Jen Dransfield – Health & Safety Advisor, Naylor Love Canterbury Ltd
Meet Jen Dransfield, the Safety Charter’s health and safety profile for April. Starting her career as a site labourer, working alongside crane operations, Jen loved working outside and getting her hands dirty. Her journey in health and safety came about due to her practical, problem-solving nature and she has worked in varied roles across her career, culminating in her current role at Naylor Love, working on the Christchurch Cathedral re-instatement project. She is a passionate leader and is always happy to share her knowledge to see others do better and raise the bar within the industry.
Q1: What is your background, and how did you get started in Health and Safety?
I started out as a site labourer on a large HV electrical sector infrastructure project which was local to my hometown. My first role primarily involved working alongside crane operations and I loved working outside and getting my hands dirty. It was there that the practical, problem-solving aspect of health and safety really piqued my interest. I’m a ‘Parts-to-whole’ learner so the technical nature of finding solutions for better work outcomes really gets my brain going. A year or so into my first role I was asked if I’d like to manage the site’s security office, and I accepted on the condition that the site’s Health & Safety Manager taught me everything he knew. It worked out for both parties as it meant he could pawn off all his rainy day jobs to me, and I got to learn on the job.
Q2: How has your health and safety journey progressed?
I’ve enjoyed challenging myself and learning the different angles of health and safety so I’ve had quite varied roles in my career. I’ve been an officer, a trainer, a manager, a consultant, worked with one-man-bands and at corporate governance level. If I don’t feel like I have enough knowledge in something, I’m a bit of a dog with a bone and will dive deep into a particular subject so that I can have confidence I am giving my teams the best advice I can.
Q3: Were there any specific people who helped you on your journey?
Heaps. Too many to name. One thing I love about the health and safety profession and the construction industry is that people are generally happy to share their knowledge. We all want to see others doing better. We’re all here for the same reason- to ensure great project outcomes while preserving our workers’ contribution to their industry. Asking for help when we need to means our vulnerabilities act as a connector.
Q4: How has health and safety changed over the last few years?
I’ve seen some great progressive change in health and safety. We still have a way to go, and there is still a lot of room for more direct educational SME engagement, but locally the positive safety climate that came out of the Christchurch rebuild is very evident when I travel to other regions. Height safety controls have seen huge improvement, as well as dust mitigation. Even simple things like public protection – I can’t remember the last time I saw a site without perimeter fencing up, but when I arrived in Christchurch 11 years ago it wasn’t unusual which says a lot!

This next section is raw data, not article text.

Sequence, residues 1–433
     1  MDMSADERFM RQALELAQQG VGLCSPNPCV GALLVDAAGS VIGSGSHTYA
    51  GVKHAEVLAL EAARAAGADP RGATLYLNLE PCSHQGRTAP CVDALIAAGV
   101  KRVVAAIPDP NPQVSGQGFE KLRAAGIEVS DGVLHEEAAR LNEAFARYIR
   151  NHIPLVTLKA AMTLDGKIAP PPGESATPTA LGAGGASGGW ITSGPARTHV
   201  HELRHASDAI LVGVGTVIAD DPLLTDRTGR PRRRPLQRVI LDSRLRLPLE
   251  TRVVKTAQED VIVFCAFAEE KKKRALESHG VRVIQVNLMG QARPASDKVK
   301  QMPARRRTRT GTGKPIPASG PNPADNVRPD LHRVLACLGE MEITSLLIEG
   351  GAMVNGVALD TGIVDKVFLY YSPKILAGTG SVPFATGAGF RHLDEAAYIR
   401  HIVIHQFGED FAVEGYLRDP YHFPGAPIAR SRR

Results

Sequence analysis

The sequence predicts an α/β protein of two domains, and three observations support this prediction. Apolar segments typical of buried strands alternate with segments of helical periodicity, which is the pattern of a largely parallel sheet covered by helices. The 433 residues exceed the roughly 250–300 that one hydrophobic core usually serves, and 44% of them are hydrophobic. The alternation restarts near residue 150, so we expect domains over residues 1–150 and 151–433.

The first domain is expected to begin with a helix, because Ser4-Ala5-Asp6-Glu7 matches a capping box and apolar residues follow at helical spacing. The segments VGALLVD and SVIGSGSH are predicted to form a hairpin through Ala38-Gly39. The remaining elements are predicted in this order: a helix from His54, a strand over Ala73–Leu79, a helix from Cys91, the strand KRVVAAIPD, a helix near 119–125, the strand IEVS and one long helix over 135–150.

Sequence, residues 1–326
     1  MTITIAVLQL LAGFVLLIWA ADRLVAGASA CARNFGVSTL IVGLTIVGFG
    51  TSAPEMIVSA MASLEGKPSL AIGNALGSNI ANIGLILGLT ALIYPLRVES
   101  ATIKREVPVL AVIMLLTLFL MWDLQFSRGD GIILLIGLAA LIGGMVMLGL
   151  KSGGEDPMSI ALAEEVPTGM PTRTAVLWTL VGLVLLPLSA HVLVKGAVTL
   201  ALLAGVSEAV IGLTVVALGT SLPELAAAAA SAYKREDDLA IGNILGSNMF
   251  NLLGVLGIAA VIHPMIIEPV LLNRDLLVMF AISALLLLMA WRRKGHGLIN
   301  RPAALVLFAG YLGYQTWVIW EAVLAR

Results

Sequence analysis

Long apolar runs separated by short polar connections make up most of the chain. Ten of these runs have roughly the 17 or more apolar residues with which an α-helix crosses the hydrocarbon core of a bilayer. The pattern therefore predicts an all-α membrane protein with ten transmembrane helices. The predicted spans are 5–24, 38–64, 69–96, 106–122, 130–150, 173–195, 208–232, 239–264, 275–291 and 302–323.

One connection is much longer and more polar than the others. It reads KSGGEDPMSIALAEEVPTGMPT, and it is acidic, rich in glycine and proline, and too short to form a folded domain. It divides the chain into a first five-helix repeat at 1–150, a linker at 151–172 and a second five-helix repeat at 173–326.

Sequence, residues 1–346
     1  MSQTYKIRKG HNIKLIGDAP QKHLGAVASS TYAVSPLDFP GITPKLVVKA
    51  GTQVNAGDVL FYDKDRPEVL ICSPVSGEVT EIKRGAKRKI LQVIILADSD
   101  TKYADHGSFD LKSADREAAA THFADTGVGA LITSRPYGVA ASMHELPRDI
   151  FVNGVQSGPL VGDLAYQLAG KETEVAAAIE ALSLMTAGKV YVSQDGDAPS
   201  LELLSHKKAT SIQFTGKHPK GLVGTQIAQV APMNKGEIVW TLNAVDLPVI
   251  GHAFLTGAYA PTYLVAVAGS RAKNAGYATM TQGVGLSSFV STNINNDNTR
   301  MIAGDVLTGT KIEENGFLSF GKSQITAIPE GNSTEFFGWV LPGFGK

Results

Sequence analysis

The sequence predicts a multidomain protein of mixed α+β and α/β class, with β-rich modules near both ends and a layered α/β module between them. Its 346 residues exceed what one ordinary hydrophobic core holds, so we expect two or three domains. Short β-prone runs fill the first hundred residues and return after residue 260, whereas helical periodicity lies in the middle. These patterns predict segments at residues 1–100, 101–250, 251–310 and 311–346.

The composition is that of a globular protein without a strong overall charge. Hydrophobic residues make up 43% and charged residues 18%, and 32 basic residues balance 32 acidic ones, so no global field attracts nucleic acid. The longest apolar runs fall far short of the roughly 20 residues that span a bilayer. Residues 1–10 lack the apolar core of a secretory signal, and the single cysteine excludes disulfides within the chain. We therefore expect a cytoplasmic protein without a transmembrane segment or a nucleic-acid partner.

Q5: What are the biggest challenges you face now?
Worker-centric engagement. This is key to understanding workers’ day-to-day challenges and how they can be resolved, and in an industry where the variables are vast, the pressure’s often high and there are always fires to put out, these nuances can create barriers to having those conversations, especially for those in managerial site roles. If every site manager, foreman, project manager and director in the country picked one tradesperson a week and asked them what they needed to do their job more efficiently, what was really grinding their gears on site, or what health & safety requirement didn’t make sense to them and really took on board their response that alone would make a world of difference for our industry.
Q6: How has the health and safety culture developed over your time in New Zealand?
I’ve seen huge leaps in workplace health and safety in the last 10 years. Part of that is a result of HSWA coming in back in 2015, and more and more organisations seeing the productive value in investing in health and safety and health & safety professionals. Locally the safety climate has improved thanks to the top tier constructors who banded together at the beginning of the rebuild and committed to a global set of practical construction safety values. That commitment flowed on to subtrades, and we still see the effects of that commitment today.
Q7: Where do you see the industry heading in the next few years?
I’m constantly seeing great innovations happening in industry, and focusses on safety in design, psychological safety and mental health. I think championing those types topics can only mean good things for our industry.
Q 8: Any advice for someone wanting to start a career in health and safety?
Get connected. Find your local health and safety network. Put your hand up to be an HSR or offer to help with health & safety related tasks in your current role. I must stress that I’ve never had a health & safety professional turn me away when I’ve reached out for advice or guidance. If you’re based in Christchurch, we’d love to see you at either a Safety Charter or an Emerging Safety Leaders event – come along for a chat with like-minded people and see some cool stuff! A career in health and safety can take you some really awesome places – trust me!